Boston College 2012-13 Year in Review, Part IV: Women’s Basketball


Mark Dolejs-USA TODAY Sports

The Boston College Eagles men’s basketball team wasn’t the only hardwood-based program that’s in the middle of a rebuild. BC’s women were just as bad as the men in 2011-12, if not worse, and in 2012-13, the idea was getting some respect back for the program and moving things in the right direction.

With a new coach and some old faces, the Boston College women have started to do just that.


The 2011-12 year in Boston College basketball was atrocious by any standard or measure. While the men went 9-22, the women were 7-23, and some of their losses were downright nightmarish. It was the last season for Sylvia Crawley as head coach; her tenure was marked by a decline in the product and some strange occurrences, such as the team’s surprising decline of a WNIT bid (in which they would have been a top seed) on the grounds of team disunity, which created an actual outcry amongst some of the graduating seniors.

She was succeeded by Erik Johnson, then the head coach at Denver and a former Eagle assistant under Cathy Inglese. He was charged with the task of rebuilding a 23-loss basketball team from the ground up, but he did have some veteran help.

Regular season and ACC Tournament

Boston College’s two most prolific players during the 2012-13 regular season, Kristen Doherty and Katie Zenevitch, were both entering their junior years on the Heights. The third most prolific scorer, Kerri Shields, was a senior. Already, this group had upperclassman assistance that the men’s team did not, even though the guys ultimately won more games.

Erik Johnson’s tenure as BC head coach began ignominiously with a road loss to Boston University on November 9, but then things took a decided turn to the better as the Eagles would go on to win their next three games in a row: Holy Cross, BYU, and New Hampshire. BC then lost a low-scoring game to Sacred Heart, followed by a win against Portland the weekend of Thanksgiving. By the time BC alumni were done carving up their turkey leftovers, the Eagles were off to a 4-2 start.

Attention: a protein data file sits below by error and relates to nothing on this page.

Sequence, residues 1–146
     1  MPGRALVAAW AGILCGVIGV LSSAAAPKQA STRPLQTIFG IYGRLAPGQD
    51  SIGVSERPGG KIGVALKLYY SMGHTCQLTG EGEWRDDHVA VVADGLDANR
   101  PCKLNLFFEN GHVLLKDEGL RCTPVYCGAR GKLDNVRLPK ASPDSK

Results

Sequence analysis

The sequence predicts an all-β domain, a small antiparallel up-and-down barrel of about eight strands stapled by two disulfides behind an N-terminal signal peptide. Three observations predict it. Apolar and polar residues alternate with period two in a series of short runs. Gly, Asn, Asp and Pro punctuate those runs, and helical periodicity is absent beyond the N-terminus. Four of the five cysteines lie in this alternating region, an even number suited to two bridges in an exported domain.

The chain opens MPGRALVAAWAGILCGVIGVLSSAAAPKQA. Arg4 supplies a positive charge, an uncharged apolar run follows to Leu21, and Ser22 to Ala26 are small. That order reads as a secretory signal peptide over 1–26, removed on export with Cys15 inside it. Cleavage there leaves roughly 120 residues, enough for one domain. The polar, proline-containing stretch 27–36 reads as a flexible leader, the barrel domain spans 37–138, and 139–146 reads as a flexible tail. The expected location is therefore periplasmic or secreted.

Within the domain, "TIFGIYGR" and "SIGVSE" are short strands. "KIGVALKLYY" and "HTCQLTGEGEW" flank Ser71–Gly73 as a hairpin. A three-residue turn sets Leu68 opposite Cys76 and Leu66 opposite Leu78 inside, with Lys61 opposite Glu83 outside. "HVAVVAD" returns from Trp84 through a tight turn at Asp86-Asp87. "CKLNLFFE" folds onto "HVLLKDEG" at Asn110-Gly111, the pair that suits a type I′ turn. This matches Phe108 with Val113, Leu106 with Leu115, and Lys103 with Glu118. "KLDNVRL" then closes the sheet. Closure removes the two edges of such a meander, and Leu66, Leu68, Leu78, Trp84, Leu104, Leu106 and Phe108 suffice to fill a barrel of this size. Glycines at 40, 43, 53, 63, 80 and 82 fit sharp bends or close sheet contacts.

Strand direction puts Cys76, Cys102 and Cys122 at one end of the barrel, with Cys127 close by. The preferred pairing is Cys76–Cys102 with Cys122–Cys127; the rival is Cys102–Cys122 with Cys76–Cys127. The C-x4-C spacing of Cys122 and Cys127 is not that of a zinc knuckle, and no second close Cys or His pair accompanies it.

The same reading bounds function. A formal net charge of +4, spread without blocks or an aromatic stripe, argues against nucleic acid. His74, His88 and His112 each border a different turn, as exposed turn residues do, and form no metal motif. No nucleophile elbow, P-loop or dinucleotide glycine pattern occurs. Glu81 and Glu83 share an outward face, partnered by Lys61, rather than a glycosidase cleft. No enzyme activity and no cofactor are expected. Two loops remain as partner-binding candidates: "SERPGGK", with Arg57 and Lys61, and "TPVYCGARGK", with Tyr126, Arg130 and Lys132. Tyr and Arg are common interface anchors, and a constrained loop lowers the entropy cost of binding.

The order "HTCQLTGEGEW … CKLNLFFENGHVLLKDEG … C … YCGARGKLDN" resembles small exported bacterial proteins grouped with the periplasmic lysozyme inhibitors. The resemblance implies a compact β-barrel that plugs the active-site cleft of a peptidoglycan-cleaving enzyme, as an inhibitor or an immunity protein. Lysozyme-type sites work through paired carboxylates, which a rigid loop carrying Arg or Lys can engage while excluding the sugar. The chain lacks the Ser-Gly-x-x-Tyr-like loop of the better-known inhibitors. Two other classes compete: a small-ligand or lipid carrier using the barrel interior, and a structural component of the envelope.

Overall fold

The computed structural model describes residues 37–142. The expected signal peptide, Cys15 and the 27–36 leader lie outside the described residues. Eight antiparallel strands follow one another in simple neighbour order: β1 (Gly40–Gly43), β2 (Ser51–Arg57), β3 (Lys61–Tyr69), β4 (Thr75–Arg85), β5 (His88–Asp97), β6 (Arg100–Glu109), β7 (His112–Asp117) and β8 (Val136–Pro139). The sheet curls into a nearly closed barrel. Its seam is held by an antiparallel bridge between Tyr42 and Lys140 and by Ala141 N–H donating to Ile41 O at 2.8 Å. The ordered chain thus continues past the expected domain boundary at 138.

The losses started piling up when the major conference segment of the non-conference schedule and the ACC schedule came through, though things never got quite as bad as the year prior. Back then, at one point in the season, Boston College had lost 11 games in a row and 15 of their last 17 games, with some 40+ point losses sprinkled in. This time around, the Eagles got throttled by the elite programs as one may expect, but they found their way to five ACC regular-season wins: at Virginia Tech, at Clemson, NC State, Virginia, and Georgia Tech. Though the losing streaks in conference play weren’t particularly long, there were plenty of them.

BC wrapped its regular season at 11-18 (5-13), taking it on the chin more than once and looking subpar in most statistical categories, but as it always does, hope lives again at the ACC Tournament. The Eagles were the #11 seed in 2013 and their draw in the first round was Virginia, a team they had beaten earlier in the year — BC had lost to UVA in the first round in 2012 by a 72-41 score. Like their male counterparts, the ladies found a way to take down their Thursday opponents in Greensboro and make it to the ACC quarterfinals with a 66-57 win over the Cavaliers.

In the Friday round, the Eagles played #16 North Carolina and gave the game a spirited effort, but lost, 62-57.

Post-season and beyond

Considering that the previous year’s women’s basketball team lost its first-round ACC Tournament game to Virginia by 31 points in a completely non-competitive game, 2013’s ACC Tournament was far more productive. The Eagles’ regular season was not without its bruises, and a grand total of 12 wins suggests that Johnson and company still have a great deal of work to do, but one can point to some steps in the right direction.

Next season, the Eagles are going to have Zenevitch (who is the second-leading scorer and the leading rebounder) and Doherty as seniors. They lose Kerri Shields, who led the team in three-point percentage, but upcoming sophomore Nicole Boudreau was right behind and has shown the ability to shoot from deep. Boudreau was named to the All-ACC Freshman team for her efforts.

With the ACC getting bigger and more dangerous, the ladies are going to have a tough road to keep climbing and getting better, but at the very least, one can say with some confidence that they did not get any worse last season and actually took a few strides forward. In 2013-14, those steps are going to have to get bigger in order to keep up in the new ACC.